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Will January 6 be the date the second US Civil War begins?

In the 1989 black comedy ‘War of the Roses’, Oliver and Barbara Rose, a young affluent couple, played by Michael Douglas and Kathleen Turner, seem to have all the worldly possessions necessary for a successful marriage. Over time, however, they come to loathe each other, and their only shared passion is the palatial family home, which neither is willing to relinquish. Amid their efforts to kill each other in the bitterest divorce of all time, Oliver draws up plans to physically cut the mansion in half, which, of course, does nothing to resolve the issue.

‘War of the Roses’ provides a nice analogy to the ‘complicated’ relationship that now exists between the Democrats and the Republicans. In the past, the proponents of conservatism and liberalism were always able – and more importantly, willing – to find a way to salvage their strained relationship. Today, however, the honeymoon is over and the kids have moved out. The two sides barely speak to each other, and now, amid a fierce battle for the White House, the only solution seems to be two separate homelands for two strikingly different ‘people’. 

For estranged couples such a mutual parting of ways and possessions is possible; for sovereign states, however, such a decision essentially amounts to civil war. The real tragedy is that such a potentially explosive scenario was avoidable.

At a time in US history when the political stage looks timed to blow, it was incumbent upon the US media to provide the most impartial account of the presidential contest between Trump and Biden as humanly possible. 

But, apparently, that was asking too much of the Fourth Estate, which leans so hard left it threatens to tip over the entire republic. Indeed, if the tumultuous presidency of Donald Trump has proven anything, it is how effective the media can be at destroying any individual – even the POTUS – whose political worldview is diametrically opposed to that of the establishment. 

From Russiagate through impeachment to the fight against coronavirus, the media industrial complex has glaringly failed to be an impartial observer. Instead, it has behaved as an actual player – another radical activist group, albeit the most powerful of them all – in the grand effort to topple Trump. Such intrigue, however, could very well backfire and lead the country to eventual ruin. And that is no hyperbole.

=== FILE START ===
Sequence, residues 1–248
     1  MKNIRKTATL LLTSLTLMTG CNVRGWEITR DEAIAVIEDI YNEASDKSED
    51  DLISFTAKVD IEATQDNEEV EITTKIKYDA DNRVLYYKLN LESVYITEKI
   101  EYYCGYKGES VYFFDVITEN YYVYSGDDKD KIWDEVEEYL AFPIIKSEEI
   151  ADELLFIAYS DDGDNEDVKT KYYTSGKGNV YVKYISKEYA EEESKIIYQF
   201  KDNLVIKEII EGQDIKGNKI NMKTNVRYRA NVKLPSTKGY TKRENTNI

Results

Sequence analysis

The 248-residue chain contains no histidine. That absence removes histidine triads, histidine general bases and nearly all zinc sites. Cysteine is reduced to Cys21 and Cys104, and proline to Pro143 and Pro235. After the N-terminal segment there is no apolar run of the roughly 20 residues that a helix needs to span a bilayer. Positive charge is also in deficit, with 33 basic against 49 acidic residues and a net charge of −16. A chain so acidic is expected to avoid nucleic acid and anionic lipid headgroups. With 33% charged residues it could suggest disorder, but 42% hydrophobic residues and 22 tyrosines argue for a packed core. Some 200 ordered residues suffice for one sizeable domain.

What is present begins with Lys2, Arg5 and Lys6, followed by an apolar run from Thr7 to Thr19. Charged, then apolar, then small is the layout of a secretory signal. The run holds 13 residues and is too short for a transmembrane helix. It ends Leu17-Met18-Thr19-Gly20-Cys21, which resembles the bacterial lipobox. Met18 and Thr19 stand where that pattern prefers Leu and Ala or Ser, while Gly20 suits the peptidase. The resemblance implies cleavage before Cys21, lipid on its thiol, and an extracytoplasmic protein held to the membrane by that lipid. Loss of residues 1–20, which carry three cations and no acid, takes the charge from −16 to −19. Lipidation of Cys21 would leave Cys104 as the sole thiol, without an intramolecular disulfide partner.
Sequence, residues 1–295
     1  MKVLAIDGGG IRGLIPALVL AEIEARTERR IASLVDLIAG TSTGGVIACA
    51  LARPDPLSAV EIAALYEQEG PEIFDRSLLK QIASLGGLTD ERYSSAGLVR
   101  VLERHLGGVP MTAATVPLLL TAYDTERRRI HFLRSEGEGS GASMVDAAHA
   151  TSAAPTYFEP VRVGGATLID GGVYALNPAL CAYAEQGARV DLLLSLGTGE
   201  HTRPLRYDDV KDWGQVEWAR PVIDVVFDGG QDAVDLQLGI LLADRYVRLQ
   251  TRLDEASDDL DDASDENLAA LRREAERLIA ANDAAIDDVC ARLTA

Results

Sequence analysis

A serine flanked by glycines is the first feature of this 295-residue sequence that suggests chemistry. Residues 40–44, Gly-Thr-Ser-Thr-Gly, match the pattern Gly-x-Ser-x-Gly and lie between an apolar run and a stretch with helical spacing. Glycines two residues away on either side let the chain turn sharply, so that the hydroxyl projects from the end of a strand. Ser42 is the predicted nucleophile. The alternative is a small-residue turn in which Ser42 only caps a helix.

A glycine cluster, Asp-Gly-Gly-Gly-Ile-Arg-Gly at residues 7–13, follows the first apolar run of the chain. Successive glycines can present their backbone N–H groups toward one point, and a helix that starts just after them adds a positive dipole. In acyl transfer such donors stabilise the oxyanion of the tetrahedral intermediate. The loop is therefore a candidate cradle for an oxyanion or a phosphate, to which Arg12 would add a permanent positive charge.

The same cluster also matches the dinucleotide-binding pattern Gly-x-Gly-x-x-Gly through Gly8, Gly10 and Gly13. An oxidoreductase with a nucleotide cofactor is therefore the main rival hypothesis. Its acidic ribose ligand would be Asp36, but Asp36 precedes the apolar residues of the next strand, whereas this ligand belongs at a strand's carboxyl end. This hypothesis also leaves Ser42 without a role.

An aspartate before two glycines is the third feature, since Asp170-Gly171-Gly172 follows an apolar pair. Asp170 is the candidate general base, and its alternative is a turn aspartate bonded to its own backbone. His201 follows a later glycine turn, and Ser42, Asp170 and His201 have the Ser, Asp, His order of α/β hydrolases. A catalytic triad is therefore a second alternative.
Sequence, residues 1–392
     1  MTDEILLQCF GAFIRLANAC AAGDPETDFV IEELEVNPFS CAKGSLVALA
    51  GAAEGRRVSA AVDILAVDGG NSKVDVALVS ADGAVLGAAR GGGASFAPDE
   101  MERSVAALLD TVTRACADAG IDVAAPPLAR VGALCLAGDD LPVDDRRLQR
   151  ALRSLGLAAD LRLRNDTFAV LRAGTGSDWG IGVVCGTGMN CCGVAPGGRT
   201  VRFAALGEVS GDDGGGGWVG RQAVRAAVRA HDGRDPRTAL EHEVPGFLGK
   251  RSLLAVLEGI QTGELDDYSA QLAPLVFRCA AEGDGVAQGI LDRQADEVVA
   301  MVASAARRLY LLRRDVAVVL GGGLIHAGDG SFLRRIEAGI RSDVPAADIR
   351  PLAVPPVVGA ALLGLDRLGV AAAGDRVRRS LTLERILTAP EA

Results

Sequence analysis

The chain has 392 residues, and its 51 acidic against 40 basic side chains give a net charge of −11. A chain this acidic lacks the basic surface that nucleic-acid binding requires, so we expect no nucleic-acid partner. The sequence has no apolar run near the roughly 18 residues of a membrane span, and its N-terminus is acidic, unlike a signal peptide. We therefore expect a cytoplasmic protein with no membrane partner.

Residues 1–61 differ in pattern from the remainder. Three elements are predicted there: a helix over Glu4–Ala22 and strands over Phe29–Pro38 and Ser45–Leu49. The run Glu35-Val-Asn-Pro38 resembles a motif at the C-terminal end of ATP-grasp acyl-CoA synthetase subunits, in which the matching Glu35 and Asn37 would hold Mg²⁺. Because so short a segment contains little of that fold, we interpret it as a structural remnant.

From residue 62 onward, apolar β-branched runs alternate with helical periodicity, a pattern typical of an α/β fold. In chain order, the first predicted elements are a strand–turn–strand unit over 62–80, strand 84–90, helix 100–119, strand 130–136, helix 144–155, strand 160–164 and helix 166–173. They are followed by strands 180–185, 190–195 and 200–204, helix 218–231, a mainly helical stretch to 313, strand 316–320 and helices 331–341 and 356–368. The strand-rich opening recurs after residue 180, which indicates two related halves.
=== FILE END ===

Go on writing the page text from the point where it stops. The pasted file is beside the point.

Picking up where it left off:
Currently, hundreds of thousands of Americans from every walk of life are descending on Washington, DC for what may go down in the history books as one of those pivotal, watershed moments that changed the course of the country forever. Amid numerous accusations of fraud and ‘irregularities’ in the November presidential election, an increasing number of Republicans, including Ted Cruz (Texas), Josh Hawley (Missouri) and Marsha Blackburn (Tennessee) have said they will not, in the absence of an emergency investigation, certify the Electoral College votes in favor of the Democrat Joe Biden.

And how has the media responded to this disturbing news? Like any committed Democratic booster would, with histrionics and bombast, arguing that any effort to investigate the legitimacy of the election is “undermining democracy.” That is certainly rich coming from the same motley crew that, for four years, propagated the conspiracy theory that Trump colluded with the Kremlin to win the presidency. At least the claims being put forward by the Republicans have some basis in reality.